Spring is springing, but have you begun compiling a to-do-list to honor its arrival? With blooming trees, warmer weather, and budding allergies, there is a lot to do. Realtor’s Lauren Sieben offers a few to add to your list so that your home is ready for the season.
First, check for leaks and water damage. Now is the time to look around for stains and indications of seepage to prevent small leaks from growing into major headaches. “Walk around the house, and check the rubber seals or metal flashings around vents, flues, and chimneys,” says Sieben. When seals begin to crack or rust, water will start to seep into the home, and if not resolved right away, water damage can become your home’s new personal virus. Windows are the best place to start. “Dampness around the edges of windows or on window ledges and cracking are signs that window seals may be deteriorating,” says PURE Insurance senior vice president/risk management manager Jason Metzger. Time to contact a professional to inspect and fix any cracked materials around the chimney or outside vents if you suspect any. Price? Only about $100 for the inspection. And if your windows are still under warranty, you should be able to get busted seals fixed for free.
Outdoor spaces need scrutinizing right now as well. Look for trees or foliage that appear to be hugging your house or nearby power lines. Sieben says these can pose risks, including bug infestations and foundation issues from the tree roots getting too close to the house and becoming a fire hazard. While you’re at it, clean up the yard, getting rid of any dried-up bushes or dead plants. A tree inspection is also in order to identify both hidden and visible health issues and weaknesses that could make a tree more vulnerable to the strong winds or excessive rains of spring and summer storms.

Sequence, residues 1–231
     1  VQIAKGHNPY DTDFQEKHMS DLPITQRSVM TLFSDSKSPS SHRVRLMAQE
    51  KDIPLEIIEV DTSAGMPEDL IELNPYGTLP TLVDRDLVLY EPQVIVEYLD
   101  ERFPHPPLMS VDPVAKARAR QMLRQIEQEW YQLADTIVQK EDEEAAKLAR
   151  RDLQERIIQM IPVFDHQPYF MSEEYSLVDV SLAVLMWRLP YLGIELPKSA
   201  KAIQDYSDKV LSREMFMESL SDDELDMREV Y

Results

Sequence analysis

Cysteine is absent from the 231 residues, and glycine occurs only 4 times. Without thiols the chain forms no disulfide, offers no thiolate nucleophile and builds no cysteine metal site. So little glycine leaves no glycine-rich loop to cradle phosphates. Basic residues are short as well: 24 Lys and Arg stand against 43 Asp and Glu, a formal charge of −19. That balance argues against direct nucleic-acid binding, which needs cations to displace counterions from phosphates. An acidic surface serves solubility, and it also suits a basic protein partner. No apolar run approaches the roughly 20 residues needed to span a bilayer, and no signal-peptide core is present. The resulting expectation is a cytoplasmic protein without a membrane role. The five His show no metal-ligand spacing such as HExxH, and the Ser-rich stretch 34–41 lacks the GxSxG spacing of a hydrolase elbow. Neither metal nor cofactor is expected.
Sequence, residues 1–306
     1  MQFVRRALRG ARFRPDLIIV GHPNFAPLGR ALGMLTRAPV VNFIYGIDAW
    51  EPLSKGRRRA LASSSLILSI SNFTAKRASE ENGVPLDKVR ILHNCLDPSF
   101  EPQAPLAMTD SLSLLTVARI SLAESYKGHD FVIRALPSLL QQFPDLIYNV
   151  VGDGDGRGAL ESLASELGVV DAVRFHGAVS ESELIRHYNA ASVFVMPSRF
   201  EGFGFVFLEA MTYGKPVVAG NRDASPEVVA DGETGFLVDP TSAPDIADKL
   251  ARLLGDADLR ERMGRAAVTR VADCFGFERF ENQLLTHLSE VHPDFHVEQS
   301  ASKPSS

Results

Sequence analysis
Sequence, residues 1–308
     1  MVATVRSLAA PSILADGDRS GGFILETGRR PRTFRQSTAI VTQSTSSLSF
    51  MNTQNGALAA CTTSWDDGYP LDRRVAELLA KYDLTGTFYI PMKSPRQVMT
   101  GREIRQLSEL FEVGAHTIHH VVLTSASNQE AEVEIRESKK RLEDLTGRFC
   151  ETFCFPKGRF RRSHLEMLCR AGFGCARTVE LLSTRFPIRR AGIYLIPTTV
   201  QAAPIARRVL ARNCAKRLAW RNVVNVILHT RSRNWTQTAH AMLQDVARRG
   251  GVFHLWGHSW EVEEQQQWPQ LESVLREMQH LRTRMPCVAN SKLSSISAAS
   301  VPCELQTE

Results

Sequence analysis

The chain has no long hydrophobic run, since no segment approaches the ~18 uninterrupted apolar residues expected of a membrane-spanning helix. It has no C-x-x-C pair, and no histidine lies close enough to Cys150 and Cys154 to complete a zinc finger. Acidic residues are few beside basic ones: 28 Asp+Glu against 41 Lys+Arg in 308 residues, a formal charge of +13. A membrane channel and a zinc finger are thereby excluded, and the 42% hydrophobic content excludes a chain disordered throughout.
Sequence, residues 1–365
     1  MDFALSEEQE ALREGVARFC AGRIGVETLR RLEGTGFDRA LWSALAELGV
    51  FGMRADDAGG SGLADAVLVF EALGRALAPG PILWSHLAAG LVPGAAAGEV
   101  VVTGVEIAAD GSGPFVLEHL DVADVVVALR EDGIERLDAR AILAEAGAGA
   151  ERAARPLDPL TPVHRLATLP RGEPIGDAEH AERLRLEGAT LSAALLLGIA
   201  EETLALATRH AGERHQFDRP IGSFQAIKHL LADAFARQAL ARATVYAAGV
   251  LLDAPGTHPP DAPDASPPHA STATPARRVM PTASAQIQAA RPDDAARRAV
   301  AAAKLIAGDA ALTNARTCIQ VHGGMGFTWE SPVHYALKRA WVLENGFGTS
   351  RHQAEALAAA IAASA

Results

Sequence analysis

Back inside the house, this is a great time of year to have a deep-cleaning done to your carpets. Sieben points out that with homes doubling as classrooms, offices, and rec rooms for another year during the pandemic, you might be surprised just how much brown water gets produced by a carpet cleaning machine — gunk you breathe in every day. If you’re cleaning it yourself, spot clean by pre-testing it in an inconspicuous location and allow it to dry to test for colorfastness before using your solvent on the rest of the carpet. For a big job, hire professionals rather than renting a carpet cleaning machine from the hardware store.
It’s sump pump inspection time if that applies, but we won’t go into the smelly details. And it’s also time to flush your water heater. The liner in your tank expands and contracts, especially during the winter, if it is in an area that is not insulated. This expansion and contraction can cause sediment to break free, permitting gunk to build up. There are online tutorials on how to do this, outlining the steps to take and everything you’ll need, from a bucket to a garden hose.
Last but not least, spring is a good time to take a look at the fire extinguishers in your house. Sieben advises that experts agree that fire extinguishers be replaced every 10 to 15 years, as they tend to lose their charge. Simply check the tag that shows the last time the extinguisher received maintenance, and inspect the gauge to make sure it’s in the green.